The Hyundai Tucson – Value for Money?

Hyundai Tucson

In recent years Hyundai has been shrugging off its no-frills image in an attempt to take on the likes of Ford, Nissan, and Volkswagen, and the Tucson is the latest step in that process.

A replacement for the ix35, it is a mid-size SUV with room for five people, a choice of petrol or diesel engines and the option of four-wheel drive. As such, the Tucson can count the Nissan Qashqai, Kia Sportage and Ford Kuga among its many rivals.

Here’s a list of pros and cons

Space in the Hyundai Tucson

The Tucson is longer and wider than the ix35 which it replaces, a combination that results in a significantly more spacious interior. There’s room for five adults, with those in the outer two seats enjoy plenty of leg and headroom, even when the optional panoramic sunroof is fitted. And while the rear seats don’t slide, you can adjust the angle of the backrests.

The boot is similarly impressive, beating that of a Nissan Qashqai for space, if not having as many plastic divider panels to stop smaller items from sliding around. As you’d expect, the rear seats can drop to form a completely flat load area.

All doors have useful storage bins, plus in the front, there are numerous trays and cupholders, plus a large glovebox and a lidded compartment under the armrest.

Comfort in the Hyundai Tucson

The Tucson features ample adjustment in the steering wheel and seat, so it’s easy to find a comfortable driving position, enjoying that commanding view over traffic that SUV drivers love. The seats themselves are supportive, and the Tucson impresses for how it shuts out noise tyre and wind noise.

The suspension is well judged, with enough give to take the sting out of bumps and ridges in the road.

The turbocharged 1.6 petrol engine is quiet at low speeds but more intrusive on the motorway, where the 2.0-litre diesel makes for a more relaxed companion.

Dashboard Styling of the Hyundai Tucson

Hyundai’s interiors have been steadily improving in recent years, and while the Tucson still features a couple of small errors (notably the cheap silver plastics and the fact that the heater controls are mounted slightly too low), the overall impression is very good.

The dials are easy to read, the stalks much simpler to use than in the ix35, and the 8-inch touchscreen system on SE Nav models and above is very responsive, with clear graphics and logical menus.

Driving Ease of the Hyundai Tucson

While the Tucson’s controls aren’t overly light, they are consistently weighted, which makes it easy to guide. The wide windscreen helps to eliminate potential blind spots, although over-the-shoulder visibility is still restricted.

On such a big car, rear parking sensors are well worthwhile, so it pays to upgrade to at least SE specification. SE Nav models and above also feature a reversing camera.

Aside from the non-turbo 1.6-litre petrol engine, all Tucson’s have sufficient power for overtaking, but if you want four-wheel drive or an automatic gearbox, you’re limited to the 1.6-litre turbo petrol and 2.0-litre diesel engines.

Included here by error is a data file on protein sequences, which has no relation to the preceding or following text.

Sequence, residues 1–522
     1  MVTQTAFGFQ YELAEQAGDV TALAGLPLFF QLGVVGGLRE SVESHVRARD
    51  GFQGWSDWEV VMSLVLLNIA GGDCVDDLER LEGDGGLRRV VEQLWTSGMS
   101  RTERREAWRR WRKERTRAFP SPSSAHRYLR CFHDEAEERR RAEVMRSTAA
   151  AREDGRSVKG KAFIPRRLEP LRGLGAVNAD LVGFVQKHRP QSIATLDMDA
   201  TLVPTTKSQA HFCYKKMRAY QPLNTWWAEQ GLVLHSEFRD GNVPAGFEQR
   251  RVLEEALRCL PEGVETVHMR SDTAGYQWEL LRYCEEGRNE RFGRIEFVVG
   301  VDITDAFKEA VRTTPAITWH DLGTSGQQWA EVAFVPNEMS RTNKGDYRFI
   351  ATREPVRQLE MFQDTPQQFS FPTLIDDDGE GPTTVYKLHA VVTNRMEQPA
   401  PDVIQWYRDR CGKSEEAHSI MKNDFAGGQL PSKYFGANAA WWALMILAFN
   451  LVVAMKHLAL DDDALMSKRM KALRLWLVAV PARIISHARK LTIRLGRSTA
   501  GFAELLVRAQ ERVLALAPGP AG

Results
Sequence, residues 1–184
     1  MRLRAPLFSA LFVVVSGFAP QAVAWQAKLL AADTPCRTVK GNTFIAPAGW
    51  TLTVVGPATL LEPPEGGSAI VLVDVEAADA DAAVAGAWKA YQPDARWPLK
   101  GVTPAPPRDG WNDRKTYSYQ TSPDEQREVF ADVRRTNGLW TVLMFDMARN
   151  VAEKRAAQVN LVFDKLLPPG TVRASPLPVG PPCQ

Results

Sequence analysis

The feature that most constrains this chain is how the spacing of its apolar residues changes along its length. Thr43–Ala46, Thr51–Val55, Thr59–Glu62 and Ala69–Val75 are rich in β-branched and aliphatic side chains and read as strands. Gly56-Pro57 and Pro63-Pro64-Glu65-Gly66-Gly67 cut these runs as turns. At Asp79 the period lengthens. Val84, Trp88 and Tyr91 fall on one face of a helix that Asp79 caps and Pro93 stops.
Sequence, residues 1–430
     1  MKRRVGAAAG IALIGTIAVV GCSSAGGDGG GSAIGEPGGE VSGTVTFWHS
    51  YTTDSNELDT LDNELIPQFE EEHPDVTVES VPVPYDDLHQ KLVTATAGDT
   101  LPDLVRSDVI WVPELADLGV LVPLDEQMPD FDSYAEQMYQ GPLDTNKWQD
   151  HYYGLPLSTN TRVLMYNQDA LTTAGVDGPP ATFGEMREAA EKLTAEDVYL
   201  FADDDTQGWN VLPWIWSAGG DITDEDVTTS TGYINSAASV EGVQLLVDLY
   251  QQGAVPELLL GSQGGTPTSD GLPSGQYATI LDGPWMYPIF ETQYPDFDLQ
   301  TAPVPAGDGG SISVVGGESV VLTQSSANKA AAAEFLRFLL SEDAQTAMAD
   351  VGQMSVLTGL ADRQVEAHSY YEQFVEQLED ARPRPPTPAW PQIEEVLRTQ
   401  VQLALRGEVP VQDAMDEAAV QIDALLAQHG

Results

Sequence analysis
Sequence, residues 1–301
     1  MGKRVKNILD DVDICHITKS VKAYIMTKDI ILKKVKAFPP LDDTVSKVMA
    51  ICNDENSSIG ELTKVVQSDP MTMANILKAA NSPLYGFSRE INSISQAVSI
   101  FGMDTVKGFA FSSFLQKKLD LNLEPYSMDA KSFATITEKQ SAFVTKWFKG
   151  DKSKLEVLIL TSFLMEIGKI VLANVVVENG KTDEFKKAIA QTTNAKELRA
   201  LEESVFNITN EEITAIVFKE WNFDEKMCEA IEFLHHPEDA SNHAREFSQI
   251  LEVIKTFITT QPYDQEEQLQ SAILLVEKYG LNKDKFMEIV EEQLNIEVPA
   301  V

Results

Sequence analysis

The Tucson puts in a respectable performance for such a big car, with lots of grips (particularly in all-wheel-drive versions) and sufficient resistance to body lean. However, while direct, the steering is also lifeless, with no feel at all for what the front wheels are doing, and none of the engines possesses the kind of power that’s likely to put a grin on your face.

Reliability of the Hyundai Tucson

Tucson comes with a five-year, unlimited mileage warranty, which is better than most of its rivals; the Kia Sportage goes one – nay, two – better, with a warranty that lasts seven years, but it’s limited to 100,000 miles, and Hyundai also throws in breakdown cover.

The most popular version of the Tucson is also likely to be the most popular, that being the 1.7-litre diesel, which returned 61.7mpg in official fuel tests. However, that’s still no match for the Nissan Qashqai, which returned almost 75mpg in the same test.

The 2.0-litre diesel returned between 44-59mpg, with those models fitted with four-wheel drive and an automatic gearbox noticeably thirstier, in part because they don’t get a stop and start system like other Tucsons.

Those few who opt for a petrol engine can expect the economy in the region of 35mpg.

Safety in the Hyundai Tucson

As one of the more expensive Hyundais on sale, it features lots of active safety equipment, albeit as optional extras. This includes an automatic emergency braking system that can detect a fast-approaching object in front and, if the driver fails to react, slow and even stop the car by itself. At speeds up to 44mph, the system can even detect pedestrians.

Other features include lane keeping assist, blind spot detectors and a stability system to help you regain control if the car loses grip, and all models feature six airbags.

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